It opens with the Sykes-Picot agreement of 1916, in which Sykes, a British chancer of a politician and Picot, a monomaniacal French diplomat, carved up the Ottoman Empire’s Middle Eastern holdings between the two countries (save for a small Russian interest) with no concern at all for the inhabitants of the region, a behaviour pattern that would repeat itself throughout the period of the mandates that the League of Nations gave to the two countries in the region.
It’s a particularly unedifying story, from which no one emerges with much credit, save, possibly, T.E. Lawrence, who was at least consistent in his desire for Arab independence. The British come across as deceitful and inconsistent, advocating Arab independence when it suited them in order to undermine the French mandates in Syria and Lebanon, but promising the French their support to maintain their mandates when French support in the World Wars was seen as more necessary. The role we played in the creation of the state of Israel also comes under scrutiny and our undignified haste to depart Palestine at the end of the mandate opened the way to the opening of massive violence between the Israelis and the Palestinians. It was a shambolic and cowardly exit.
For all of that, the Arabs and Israelis are hardly guilt-free either. The Arabs are portrayed as often being as interested in their own internal squabbles as with gaining independence with many of them were happy to compromise for money or promises of power within a British or French controlled area. The Israelis are shown as ruthless terrorists (or freedom fighters, depending on your point of view), happy to murder British soldiers and civilians and being responsible for massacres of Arabs, particularly at Deir Yassin. Barr even recounts how some Jewish militants offered to fight the British on behalf of Hitler, in return for his support for a Jewish state, something that beggars belief in hindsight.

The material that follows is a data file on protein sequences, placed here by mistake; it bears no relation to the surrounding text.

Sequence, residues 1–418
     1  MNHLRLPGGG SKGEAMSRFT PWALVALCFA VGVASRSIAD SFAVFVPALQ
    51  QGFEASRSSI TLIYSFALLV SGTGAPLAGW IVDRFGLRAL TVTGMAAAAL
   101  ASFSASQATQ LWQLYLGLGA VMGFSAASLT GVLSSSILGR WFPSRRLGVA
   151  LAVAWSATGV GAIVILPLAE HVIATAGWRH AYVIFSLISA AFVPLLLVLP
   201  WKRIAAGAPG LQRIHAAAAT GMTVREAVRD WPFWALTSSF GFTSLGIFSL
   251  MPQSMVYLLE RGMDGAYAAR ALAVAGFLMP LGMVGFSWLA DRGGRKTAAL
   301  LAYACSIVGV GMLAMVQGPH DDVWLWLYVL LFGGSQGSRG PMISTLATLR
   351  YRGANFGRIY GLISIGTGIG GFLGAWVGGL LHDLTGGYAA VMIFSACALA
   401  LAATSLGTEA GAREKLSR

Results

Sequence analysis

But the real core of Barr’s story is the friction between the British and the French. Whereas Britain appears to have been more focused on protecting its sources of oil and its Indian possessions, the French were more about the eternal glory of France and maintaining its influence in the world as a great power. As well as generally undermining the British mandate in Palestine, they were prepared to fund, arm and provide refuge for the Jewish guerrillas who were carrying out attacks on British people inside Palestine in order to get revenge for their perceived humiliation by Britain in the Levant. It is a truly sickening tale which even made me, a confirmed Francophile, angry and bitter. Although there are no good guys in this book, the French come across as the worst of the bad guys, with a cast of characters, including de Gaulle himself, who were fanatical about maintaining French prestige, regardless of the cost.
A Line in the Sand is a fascinating book, both readable and scholarly, and should be read by anyone with an interest in the Middle East. He has had access to previously unreleased papers which shed light on how the Anglo-French frictions played such a large part in the creation of the modern Middle East. Indeed, the naked hostility that the two nominal allies had for each other in the region came as a surprise to me.
I’m generally a bit of a cynic about politicians and this book has only confirmed me in this view. Morality, decency and honesty all took a back seat in the dealings of Britain and France in the region and the whole, depressing conclusion that I have to draw is that the Middle East may well have been a more peaceful place had we and the French not got involved. It was not one of the most glorious episodes in either country’s history.
I was provided with an electronic ARC by W.W. Norton & Company, Barr’s American publisher, for which I am very grateful.